The Room of Constantine depicts four significant moments in the life of Emperor Constantine I, who's credited with converting the Roman Empire to Christianity. Experts had always believed that Raphael had sketched plans for the frescoes, and his pupils finished them after Raphael's sudden death on April 6, 1520. But new restoration efforts prompted experts to take a closer look, and they noticed that two allegorical figures in the frescoes appear to have been painted by Raphael.

One fresco depicts the Vision of the Cross, the moment Emperor Constantine claimed to have seen an image of a holy cross in the sky before a decisive battle. At the edge of the large-scale painting floats a woman who represents Friendship, Smithsonian reports. A second scene, which depicts the battle between Constantine and his pagan brother-in-law Maxentius, shows the figure of Justice. Experts now say that Raphael painted both images.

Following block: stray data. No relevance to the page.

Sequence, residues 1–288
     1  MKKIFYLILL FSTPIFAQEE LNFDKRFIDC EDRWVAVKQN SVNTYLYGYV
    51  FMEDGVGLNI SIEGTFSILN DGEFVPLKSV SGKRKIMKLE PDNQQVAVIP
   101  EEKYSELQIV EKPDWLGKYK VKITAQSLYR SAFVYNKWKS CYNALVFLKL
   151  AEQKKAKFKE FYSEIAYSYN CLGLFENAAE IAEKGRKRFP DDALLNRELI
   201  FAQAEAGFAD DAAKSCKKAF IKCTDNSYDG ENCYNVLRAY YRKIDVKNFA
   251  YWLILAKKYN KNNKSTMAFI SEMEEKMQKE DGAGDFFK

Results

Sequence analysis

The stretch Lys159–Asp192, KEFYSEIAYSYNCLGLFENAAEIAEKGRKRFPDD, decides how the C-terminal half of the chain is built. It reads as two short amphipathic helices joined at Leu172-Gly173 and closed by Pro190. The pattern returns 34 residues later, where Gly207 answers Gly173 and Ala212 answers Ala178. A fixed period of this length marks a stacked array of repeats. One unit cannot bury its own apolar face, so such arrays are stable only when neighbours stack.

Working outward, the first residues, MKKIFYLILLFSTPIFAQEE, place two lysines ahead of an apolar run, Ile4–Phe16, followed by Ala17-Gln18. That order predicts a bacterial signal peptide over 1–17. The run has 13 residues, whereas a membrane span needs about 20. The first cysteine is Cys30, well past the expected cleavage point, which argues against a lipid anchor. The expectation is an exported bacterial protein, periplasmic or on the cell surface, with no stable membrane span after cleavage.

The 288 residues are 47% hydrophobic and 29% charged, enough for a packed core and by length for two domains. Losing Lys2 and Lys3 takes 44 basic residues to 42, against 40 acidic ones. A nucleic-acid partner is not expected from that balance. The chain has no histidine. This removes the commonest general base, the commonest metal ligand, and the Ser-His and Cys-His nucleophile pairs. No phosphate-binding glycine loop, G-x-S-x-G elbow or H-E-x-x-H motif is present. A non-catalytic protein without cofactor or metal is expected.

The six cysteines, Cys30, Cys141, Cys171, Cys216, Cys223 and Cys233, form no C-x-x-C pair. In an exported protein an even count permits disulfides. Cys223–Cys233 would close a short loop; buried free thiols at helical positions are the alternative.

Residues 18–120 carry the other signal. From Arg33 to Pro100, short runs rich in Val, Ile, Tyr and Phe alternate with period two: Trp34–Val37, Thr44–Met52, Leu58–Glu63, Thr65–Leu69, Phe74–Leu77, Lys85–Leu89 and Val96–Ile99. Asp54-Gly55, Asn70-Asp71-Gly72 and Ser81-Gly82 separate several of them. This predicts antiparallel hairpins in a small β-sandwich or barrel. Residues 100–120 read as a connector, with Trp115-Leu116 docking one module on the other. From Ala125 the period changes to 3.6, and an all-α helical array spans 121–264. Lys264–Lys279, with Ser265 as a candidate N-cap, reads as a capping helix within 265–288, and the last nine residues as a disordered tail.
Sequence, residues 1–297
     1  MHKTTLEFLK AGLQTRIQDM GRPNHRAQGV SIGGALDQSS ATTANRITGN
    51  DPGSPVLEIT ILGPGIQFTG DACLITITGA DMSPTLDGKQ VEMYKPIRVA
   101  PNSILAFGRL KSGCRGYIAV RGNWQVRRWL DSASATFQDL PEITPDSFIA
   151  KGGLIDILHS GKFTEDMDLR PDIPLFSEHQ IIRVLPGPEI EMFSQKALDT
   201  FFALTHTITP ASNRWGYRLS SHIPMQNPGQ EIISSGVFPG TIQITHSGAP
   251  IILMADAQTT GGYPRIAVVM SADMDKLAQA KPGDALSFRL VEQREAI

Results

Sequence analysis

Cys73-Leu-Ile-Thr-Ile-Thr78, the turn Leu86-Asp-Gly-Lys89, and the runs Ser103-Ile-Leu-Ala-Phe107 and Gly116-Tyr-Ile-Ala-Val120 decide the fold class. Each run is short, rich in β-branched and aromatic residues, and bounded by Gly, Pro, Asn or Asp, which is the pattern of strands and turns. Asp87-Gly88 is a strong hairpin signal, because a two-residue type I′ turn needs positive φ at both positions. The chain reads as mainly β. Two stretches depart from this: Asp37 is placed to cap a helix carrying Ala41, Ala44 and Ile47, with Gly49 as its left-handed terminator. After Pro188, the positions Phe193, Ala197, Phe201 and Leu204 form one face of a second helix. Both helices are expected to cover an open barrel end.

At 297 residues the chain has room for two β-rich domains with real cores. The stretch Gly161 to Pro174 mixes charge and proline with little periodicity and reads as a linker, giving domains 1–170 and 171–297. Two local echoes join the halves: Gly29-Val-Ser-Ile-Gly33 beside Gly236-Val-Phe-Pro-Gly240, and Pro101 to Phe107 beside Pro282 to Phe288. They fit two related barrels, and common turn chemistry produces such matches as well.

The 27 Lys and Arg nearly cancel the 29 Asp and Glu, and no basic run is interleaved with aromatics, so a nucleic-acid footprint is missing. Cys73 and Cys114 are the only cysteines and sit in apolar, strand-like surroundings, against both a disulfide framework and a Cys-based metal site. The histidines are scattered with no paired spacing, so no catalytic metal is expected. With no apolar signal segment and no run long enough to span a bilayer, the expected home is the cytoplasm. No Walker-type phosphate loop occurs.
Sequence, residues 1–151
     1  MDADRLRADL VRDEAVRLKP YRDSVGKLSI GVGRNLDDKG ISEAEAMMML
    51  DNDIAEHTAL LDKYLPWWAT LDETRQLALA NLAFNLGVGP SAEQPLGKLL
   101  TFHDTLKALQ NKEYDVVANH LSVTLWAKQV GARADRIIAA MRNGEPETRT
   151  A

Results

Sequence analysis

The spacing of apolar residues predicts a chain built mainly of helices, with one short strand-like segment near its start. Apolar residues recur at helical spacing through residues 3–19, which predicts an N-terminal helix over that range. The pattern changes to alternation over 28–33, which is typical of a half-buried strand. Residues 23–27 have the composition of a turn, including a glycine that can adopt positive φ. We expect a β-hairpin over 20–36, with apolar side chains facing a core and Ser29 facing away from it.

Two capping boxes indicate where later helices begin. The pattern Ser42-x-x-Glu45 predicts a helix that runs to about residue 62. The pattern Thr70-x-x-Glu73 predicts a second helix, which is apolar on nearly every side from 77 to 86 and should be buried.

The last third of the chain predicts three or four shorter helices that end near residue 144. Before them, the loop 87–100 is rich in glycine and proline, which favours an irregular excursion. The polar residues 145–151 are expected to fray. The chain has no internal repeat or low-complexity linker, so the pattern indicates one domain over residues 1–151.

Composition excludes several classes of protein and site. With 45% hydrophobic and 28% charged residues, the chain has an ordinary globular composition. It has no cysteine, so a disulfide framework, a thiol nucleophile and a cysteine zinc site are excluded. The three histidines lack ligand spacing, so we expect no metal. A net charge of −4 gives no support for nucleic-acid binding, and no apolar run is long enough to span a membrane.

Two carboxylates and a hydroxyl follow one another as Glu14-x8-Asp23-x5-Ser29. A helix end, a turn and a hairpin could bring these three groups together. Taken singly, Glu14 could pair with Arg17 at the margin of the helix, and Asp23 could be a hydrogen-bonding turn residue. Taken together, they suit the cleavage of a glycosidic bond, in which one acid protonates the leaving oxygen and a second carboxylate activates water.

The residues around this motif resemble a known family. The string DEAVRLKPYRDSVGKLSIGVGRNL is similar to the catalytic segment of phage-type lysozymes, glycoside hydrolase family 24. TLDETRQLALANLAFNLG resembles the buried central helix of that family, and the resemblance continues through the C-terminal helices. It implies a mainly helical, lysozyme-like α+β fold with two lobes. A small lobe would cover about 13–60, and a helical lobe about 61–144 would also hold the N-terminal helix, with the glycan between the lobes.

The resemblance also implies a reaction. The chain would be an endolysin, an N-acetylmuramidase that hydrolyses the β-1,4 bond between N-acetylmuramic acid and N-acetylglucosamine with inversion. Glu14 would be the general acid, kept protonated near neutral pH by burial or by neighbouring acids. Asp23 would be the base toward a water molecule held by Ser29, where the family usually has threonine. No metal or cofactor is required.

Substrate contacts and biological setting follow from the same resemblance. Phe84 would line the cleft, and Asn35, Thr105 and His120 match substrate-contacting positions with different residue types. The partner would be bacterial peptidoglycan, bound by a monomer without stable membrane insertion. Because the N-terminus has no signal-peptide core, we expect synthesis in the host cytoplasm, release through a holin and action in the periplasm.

Italian newspaper La Stampa was the first to break the news, which they reportedly received from a YouTube video released by the Vatican’s press office.

"By analyzing the painting, we realized that it is certainly by the great master Raphael," said restorer Fabio Piacentini, according to a translation provided by artnet News. "He painted in oil on the wall, which is a really special technique. The cleaning and removal of centuries of previous restorations revealed the typical pictorial features of the master."

"We know from 16th-century sources that Raphael painted two figures in this room as tests in the oil technique before he died," added art historian Arnold Nesselrath, who serves as the Vatican Museums' technical and scientific research head. "According to the sources, these two oil painted figures are of a much higher quality than the ones around them."

"Raphael was a great adventurer in painting and was always trying something different," Nesselrath continued. "When he understood how something worked, he sought a fresh challenge. And so, when he arrived in the largest room of the papal apartment, he decided to paint this room in oil, but he managed to paint only two figures, and his students continued in the traditional method, leaving only these two figures as autographs of the master."

[h/t artnet News]